Three little words that hold the key to brand growth
Sounds obvious doesn’t it? But you’d be surprised how many brand owners and their teams are unable to describe what their business does, why they do what they do and how they do what they do; succinctly, clearly and importantly in a way that people can easily connect and engage with.
That’s not because they don’t know, it’s because they know too much. Let’s explore that observation a little further…
Essentially it’s a question of objectivity and specifically the extent to which you can be objective and open to exploring in detail how your brand looks, feels and sounds. It’s also, I believe, about perceptivity i.e. understanding in detail how the people you want to do business with perceive your brand and what motivates them to respond positively.
Analysing your brand in this way isn’t easy if you live the business day in day out. The process you go through needs to be challenging and you can only achieve this through truly objective discussion and insight gathering.
Branding is about getting to the absolute truth in terms of your mission and vision, which in turn will always uncover sales and marketing opportunities you haven’t previously considered. It’s also about understanding what it is that people want from you and that’s not always obvious when you’re close to the business. What’s more, it certainly won’t always be because people are product or cost obsessed.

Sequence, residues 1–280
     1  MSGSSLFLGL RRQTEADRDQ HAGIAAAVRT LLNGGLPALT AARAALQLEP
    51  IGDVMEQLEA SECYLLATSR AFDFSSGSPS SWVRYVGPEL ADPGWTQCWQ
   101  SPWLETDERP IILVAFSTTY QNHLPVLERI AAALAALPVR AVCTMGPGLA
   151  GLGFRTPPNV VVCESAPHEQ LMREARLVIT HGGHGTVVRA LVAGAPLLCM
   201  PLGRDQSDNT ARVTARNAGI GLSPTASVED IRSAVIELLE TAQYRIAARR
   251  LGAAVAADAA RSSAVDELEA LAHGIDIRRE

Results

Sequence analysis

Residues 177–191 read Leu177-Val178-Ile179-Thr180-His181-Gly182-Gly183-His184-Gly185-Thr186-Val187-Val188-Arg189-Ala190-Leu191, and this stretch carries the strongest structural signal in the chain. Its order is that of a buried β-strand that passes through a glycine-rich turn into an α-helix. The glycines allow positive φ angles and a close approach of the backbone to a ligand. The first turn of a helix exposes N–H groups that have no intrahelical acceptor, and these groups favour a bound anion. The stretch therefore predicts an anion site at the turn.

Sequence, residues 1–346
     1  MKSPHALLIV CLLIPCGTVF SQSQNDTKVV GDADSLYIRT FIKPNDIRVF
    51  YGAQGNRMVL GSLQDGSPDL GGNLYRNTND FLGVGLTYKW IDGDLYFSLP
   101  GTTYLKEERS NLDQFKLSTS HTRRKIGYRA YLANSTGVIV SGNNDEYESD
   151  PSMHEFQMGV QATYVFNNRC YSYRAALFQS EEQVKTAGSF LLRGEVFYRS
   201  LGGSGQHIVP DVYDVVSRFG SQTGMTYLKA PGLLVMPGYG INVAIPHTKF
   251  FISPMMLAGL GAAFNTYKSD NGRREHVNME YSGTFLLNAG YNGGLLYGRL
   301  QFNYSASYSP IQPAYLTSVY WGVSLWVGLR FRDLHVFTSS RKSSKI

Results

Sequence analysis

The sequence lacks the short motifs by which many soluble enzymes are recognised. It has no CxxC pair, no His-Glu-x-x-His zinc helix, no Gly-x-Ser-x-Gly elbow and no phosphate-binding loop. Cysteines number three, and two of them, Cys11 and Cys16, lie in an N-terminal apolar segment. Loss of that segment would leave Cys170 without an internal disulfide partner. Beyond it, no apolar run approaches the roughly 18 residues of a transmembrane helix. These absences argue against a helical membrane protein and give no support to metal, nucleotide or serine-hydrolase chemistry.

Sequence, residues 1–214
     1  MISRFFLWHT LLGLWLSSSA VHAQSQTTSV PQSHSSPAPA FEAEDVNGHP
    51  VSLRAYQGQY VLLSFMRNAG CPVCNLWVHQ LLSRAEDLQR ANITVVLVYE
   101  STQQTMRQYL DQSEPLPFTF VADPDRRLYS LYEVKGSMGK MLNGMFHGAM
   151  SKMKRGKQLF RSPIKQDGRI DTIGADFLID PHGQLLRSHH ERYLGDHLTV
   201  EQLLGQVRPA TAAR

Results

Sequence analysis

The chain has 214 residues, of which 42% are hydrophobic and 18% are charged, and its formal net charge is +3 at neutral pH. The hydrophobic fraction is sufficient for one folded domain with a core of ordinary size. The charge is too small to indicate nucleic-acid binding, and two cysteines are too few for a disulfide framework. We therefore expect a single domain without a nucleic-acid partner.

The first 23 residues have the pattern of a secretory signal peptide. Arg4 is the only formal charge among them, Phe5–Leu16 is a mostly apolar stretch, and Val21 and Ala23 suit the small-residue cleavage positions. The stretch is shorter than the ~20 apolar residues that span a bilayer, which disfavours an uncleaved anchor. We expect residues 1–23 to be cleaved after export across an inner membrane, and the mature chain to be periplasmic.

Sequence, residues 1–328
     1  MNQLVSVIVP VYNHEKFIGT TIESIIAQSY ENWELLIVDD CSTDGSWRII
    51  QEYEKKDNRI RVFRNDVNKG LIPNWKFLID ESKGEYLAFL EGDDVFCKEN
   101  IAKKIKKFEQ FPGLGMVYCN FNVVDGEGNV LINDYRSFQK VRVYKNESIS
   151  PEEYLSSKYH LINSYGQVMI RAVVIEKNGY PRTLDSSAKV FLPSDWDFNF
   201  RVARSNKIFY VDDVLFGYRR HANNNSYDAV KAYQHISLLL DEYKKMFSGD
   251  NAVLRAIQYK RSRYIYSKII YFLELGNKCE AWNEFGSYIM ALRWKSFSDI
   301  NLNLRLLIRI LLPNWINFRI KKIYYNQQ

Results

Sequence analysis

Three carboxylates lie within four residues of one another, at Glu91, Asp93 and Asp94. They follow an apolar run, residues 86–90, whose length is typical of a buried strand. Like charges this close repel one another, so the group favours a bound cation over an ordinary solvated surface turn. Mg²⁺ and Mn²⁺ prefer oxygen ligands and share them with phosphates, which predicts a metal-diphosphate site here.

The fact is you’re dealing with people (your customers) who’ll make split second decisions about your brand based in the first instance on design, closely followed by emotion and relevancy. Ask yourself the following questions; ‘Do we really look the best in our sector?’, ‘Are we a brand that adds value for our customers?’ and ‘Do we offer the best online experience in our sector?’ If you’ve answered ‘yes’ to all of these questions, then I’d urge you to think again.
Where brand experience is concerned, there’s always room for improvement. Continuous assessment and learning about how and why people are interacting with your brand (or not) and developing techniques to improve lead generation and conversion should be top of the agenda. Successful brands avoid complacency and assumption based on subjectivity at all costs.
Furthermore to be a successful brand, you’ll need people in your team who can monitor and interpret digital behaviour, listen to and participate in social conversations, gain and analyse sales insight and be able to use all of this to optimise customer engagement. You’ll need to break down silos and forge cross-functional working and communication too. Despite technology, it’s your people who’ll make this happen.
However without clarity on the ‘what, why, how?’ you’ll find yourself struggling to create or communicate a meaningful mission statement or a realistic vision for the future. And you’ll struggle to do this without objectivity, perceptivity and a continuous process for optimising and developing your brand experience and connection with customers.